The post-pandemic period is making it increasingly clear that situational awareness training is more important than ever for law enforcement, especially behind the wheel. Traffic accidents have long been among the leading causes of on-duty law officer fatalities. During the pandemic, traffic deaths rose 7% nationwide—and jumped 44% for police officers.
Every law enforcement agency wants to reduce officer-involved traffic incidents. These don’t just create potential for embarrassment or tragedy, but are also increasingly expensive.
Although individual officers are broadly protected from legal liability for actions taken in the line of duty (i.e., “qualified immunity”), police departments and state/municipal governments enjoy no such protections. There is no comprehensive database of the nationwide cost of officer-involved auto accidents, but one analysis found that juries almost invariably award at least $400,000 to victims and their families. In one recent case, a jury awarded an injured motorist $2.7 million, despite a decades-old state law placing a $500,000 cap on such damages. In general, payouts in the millions or tens of millions of dollars are common in these situations (and into the hundreds of millions far from unheard of). Most survive legal challenges.
Fortunately, law enforcement agencies have options other than the courtroom to mitigate their risk.
Situational Awareness Training Saves Lives and Money
Improving police training has long been the bedrock of risk mitigation in law enforcement—and even relatively modest investments in training can make a huge difference.
In 2019, Robert E. Hoyt, a professor of risk management and insurance at the University of Georgia’s Terry College of Business, completed a cost-benefit analysis of simulation-based training and its impact on officer-involved crashes. He looked at 15 years of data from the state of Georgia (the project was on behalf of Georgia’s Local Government Risk Management Services, a part of the Association County Commissioners of Georgia and the Georgia Municipal Association).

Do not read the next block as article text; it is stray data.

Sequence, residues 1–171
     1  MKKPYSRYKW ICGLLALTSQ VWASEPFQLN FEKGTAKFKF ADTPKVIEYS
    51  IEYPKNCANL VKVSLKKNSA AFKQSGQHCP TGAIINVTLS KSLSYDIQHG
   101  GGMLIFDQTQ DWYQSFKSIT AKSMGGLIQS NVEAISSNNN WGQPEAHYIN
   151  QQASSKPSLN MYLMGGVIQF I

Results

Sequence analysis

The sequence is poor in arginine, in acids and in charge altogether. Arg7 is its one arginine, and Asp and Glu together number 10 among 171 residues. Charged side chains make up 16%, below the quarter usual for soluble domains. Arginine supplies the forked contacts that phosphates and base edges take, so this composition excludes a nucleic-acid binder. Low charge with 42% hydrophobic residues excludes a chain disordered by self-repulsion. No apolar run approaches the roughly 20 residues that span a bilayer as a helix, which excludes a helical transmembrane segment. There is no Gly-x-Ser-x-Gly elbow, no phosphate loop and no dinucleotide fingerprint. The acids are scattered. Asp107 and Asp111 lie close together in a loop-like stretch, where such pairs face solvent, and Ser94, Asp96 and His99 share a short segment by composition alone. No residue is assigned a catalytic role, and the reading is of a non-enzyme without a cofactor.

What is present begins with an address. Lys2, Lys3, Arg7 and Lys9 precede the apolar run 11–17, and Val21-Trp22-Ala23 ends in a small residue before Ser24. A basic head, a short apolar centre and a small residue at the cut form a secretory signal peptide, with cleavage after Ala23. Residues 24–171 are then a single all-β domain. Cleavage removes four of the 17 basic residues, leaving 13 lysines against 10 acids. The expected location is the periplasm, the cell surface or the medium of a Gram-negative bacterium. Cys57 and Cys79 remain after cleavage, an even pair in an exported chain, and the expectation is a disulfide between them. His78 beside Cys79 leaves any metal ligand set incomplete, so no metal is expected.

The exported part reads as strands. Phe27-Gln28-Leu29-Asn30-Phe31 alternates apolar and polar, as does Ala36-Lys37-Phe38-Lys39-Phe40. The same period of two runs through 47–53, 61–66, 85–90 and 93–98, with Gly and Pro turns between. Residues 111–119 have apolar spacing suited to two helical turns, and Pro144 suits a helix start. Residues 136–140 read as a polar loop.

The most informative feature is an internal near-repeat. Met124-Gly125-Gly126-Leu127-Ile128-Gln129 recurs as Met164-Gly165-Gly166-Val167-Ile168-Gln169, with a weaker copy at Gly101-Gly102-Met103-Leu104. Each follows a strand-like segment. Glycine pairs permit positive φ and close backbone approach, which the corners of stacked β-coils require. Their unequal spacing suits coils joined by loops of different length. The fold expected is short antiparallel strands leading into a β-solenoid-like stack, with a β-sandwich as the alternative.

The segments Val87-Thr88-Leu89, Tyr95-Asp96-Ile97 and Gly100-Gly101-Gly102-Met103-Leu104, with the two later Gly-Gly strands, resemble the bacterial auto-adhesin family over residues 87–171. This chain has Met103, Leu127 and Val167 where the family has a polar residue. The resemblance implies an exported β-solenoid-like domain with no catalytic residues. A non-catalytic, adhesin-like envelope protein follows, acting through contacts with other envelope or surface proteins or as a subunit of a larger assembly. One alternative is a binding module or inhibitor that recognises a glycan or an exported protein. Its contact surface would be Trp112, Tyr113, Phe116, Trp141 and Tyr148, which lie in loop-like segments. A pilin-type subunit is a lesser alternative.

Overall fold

According to Hoyt’s analysis—which only looked at Georgia agencies already using simulation-based training—a roughly $500,000 investment in simulation systems resulted in 300 fewer accidents per year, with an associated cost savings of approximately $3.6 million annually. (Hoyt’s complete findings were published in the Journal of Insurance Regulation as “The Impact of Motor Vehicle Simulator Training on Law Enforcement Officer Driving Behavior: Empirical Evidence from Accident Frequency and Severity.”) As Hoyt later noted, “We went back and got data on how much it cost to provide this training, and compared that to the savings through reduced accident costs, and found that it was producing about a 12-to-1 return on investment,” Hoyt said.
FAAC Incorporated has decades of experience developing immersive simulation training solutions for law enforcement. Our most recent generation of law enforcement driving simulators go beyond refreshing the “muscle memory” of good driving habits to include split-second decision making during high-risk events—which are the key to increasing officer safety and effectiveness while reducing crashes.